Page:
Case Report

An 18-yr-old, 85.6-kg, male Komodo dragon (Varanus komodoensis) was noted to have progressive loss of vision in the right eye over a period of approximately 3 mo. Ophthalmic examination included slit lamp biomicroscopy and indirect ophthalmoscopy. The right eye had a mature cataract. There was no menace response, but the eye was light perceptive. The lens of the left eye had mild opacity on the anterior and posterior lens capsule. Fundic examination was normal for the left eye. Vision from this eye was not impaired. The animal was physically restrained and anesthetized using isoflurane in oxygen administered via a face mask, intubated with a size 10 endotracheal tube, and maintained on isoflurane in oxygen using intermittent positive pressure ventilation at four breaths per min. An attempt to dilate the pupil with intracameral pancuronium (Pavulon, Organon Teknika, Baulkham Hills, NSW, Australia) was unsuccessful.

A 3.2-mm incision was made at the dorsal limbus using a 45°, matte finish, bevel-up keratome blade (Becton Dickinson and Co., Franklin Lakes, NJ, USA). Air was injected into the anterior chamber, thereby displacing the aqueous fluid. A capsule-specific dye (Vision Blue, Dutch Ophthalmic Research Centre, Zuidland, The Netherlands) was used to stain the lens capsule and facilitate the lens capsule removal. A continuous curvilinear capsulorhexis was then performed (4.0 mm diameter). The lens nucleus and cortex were then removed almost exclusively by aspiration via the phacofragmentation unit (Phacoplus, Allergan Medical Optics, Gordon, NSW, Australia). The corneal incision was sutured using 8/0 Ethilon on a spatula needle (Ethicon, Johnson and Johnson, Somerville, NJ, USA) in a single interrupted pattern. The globe was reinflated with an air bubble.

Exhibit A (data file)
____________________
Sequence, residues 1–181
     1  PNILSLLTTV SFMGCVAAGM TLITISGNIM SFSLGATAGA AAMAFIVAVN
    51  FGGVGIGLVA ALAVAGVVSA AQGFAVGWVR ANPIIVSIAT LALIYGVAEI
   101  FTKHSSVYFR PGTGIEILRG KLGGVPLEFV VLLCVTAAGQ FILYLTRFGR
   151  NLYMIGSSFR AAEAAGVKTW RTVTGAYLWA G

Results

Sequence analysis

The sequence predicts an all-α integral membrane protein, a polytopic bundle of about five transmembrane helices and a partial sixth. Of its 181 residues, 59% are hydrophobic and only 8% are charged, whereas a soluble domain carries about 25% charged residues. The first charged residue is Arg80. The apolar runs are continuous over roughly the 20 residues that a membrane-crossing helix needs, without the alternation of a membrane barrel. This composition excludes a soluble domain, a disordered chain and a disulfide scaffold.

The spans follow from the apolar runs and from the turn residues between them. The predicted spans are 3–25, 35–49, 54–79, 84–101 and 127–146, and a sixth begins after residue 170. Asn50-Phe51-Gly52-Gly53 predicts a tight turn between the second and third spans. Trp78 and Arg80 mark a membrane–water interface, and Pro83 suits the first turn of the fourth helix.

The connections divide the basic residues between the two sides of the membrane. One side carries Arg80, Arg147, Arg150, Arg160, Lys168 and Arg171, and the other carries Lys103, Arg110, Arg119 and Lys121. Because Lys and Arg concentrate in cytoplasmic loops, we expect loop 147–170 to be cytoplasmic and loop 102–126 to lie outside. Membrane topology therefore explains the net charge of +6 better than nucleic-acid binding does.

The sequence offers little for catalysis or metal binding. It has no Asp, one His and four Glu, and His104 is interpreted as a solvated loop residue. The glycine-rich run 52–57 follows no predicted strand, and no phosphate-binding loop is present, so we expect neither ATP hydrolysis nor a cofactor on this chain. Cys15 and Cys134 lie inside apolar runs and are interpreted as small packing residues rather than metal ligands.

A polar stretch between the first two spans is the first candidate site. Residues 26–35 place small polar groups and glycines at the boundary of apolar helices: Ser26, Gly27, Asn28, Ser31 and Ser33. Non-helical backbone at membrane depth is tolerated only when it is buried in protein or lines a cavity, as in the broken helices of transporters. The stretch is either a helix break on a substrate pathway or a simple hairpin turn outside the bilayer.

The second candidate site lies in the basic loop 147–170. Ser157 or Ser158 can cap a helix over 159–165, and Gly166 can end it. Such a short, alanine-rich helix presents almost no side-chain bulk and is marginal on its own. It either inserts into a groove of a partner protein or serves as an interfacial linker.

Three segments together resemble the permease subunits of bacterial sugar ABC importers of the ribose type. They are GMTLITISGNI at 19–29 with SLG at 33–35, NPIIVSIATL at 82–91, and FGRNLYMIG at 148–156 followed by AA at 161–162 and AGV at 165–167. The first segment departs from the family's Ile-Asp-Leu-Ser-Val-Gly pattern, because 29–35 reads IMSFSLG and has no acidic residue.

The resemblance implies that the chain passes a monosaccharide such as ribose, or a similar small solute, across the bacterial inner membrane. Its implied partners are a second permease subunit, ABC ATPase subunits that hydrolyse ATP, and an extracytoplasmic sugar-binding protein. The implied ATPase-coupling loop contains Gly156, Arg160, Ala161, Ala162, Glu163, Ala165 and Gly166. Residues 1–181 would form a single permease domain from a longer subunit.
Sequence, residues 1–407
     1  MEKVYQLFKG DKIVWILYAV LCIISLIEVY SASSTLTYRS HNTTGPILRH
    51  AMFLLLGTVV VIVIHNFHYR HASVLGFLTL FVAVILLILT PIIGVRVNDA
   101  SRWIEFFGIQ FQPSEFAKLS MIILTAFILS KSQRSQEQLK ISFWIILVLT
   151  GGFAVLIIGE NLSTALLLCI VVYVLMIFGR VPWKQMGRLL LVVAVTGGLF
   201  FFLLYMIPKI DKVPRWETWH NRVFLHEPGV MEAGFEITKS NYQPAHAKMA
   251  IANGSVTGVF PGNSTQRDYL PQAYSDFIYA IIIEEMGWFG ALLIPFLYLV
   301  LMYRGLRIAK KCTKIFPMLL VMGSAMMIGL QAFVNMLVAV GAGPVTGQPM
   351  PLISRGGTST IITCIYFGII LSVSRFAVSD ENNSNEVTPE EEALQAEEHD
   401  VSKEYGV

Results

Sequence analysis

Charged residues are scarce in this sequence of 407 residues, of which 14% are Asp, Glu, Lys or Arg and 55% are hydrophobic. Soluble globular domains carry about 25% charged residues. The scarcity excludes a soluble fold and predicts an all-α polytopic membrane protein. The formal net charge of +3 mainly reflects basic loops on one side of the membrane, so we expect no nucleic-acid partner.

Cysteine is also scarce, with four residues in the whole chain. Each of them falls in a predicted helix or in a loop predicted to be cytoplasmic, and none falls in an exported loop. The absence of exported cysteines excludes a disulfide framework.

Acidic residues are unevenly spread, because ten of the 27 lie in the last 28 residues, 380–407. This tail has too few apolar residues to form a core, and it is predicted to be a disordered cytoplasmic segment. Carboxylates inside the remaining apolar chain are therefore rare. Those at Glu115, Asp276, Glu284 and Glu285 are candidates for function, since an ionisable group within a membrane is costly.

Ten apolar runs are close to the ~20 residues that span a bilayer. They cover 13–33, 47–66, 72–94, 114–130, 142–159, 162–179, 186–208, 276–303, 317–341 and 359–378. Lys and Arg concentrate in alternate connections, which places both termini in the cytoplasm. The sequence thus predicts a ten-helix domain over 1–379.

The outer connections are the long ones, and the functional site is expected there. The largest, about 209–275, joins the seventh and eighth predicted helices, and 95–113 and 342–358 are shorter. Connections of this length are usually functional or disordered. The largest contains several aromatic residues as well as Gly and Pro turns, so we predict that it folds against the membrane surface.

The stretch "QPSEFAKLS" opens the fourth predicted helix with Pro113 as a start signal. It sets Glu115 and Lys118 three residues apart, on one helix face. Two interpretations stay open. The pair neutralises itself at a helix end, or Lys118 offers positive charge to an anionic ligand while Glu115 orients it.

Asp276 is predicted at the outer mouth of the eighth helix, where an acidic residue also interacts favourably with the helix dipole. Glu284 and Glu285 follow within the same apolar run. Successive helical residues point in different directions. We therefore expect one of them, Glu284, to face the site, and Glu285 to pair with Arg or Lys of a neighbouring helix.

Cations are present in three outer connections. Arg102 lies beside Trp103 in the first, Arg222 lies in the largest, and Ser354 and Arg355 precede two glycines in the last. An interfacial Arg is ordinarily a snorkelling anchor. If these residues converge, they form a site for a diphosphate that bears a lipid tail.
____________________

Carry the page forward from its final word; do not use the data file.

Postoperative treatment included carprofen (Rimadyl, Pfizer Animal Health, West Ryde, NSW, Australia) at 3.5 mg/kg SID, SC, doxycycline (Vibravet 100 Paste, Pfizer Animal Health, West Ryde, NSW, Australia) at 10.0 mg/kg SID, PO, chloramphenicol plus polymixin B (Opticin eye ointment, Ilium Veterinary Products, Smithfield, NSW, Australia) topically TID, and dexamethasone (Maxidex eye drops, Alcon Laboratories, Frenchs Forest, NSW, Australia) topically TID. Four days postsurgery, the cornea was generally clear with a small area of local corneal edema around the suture line. A small amount of white flocculent material was present in the anterior chamber. The doxycycline, topical antibiotics, and dexamethasone were continued for 2 wk postsurgery and carprofen was continued for 3 wk. At 16 days postsurgery, the eye was open, the cornea clear, and the white flocculent material in the anterior chamber had disappeared. It did seem, however, that the animal was irritated by the eye, as he was rubbing it, resulting in ulceration of the skin over the eyebrow ridge. Although there was no apparent cause for the irritation, a mild uveitis was suspected. Oral doxycycline was recommenced and continued for a further 7 days. At 22 days postsurgery, all treatment ceased and by 30 days the eye appeared normal. There was no apparent irritation and vision in the eye appeared to have been restored.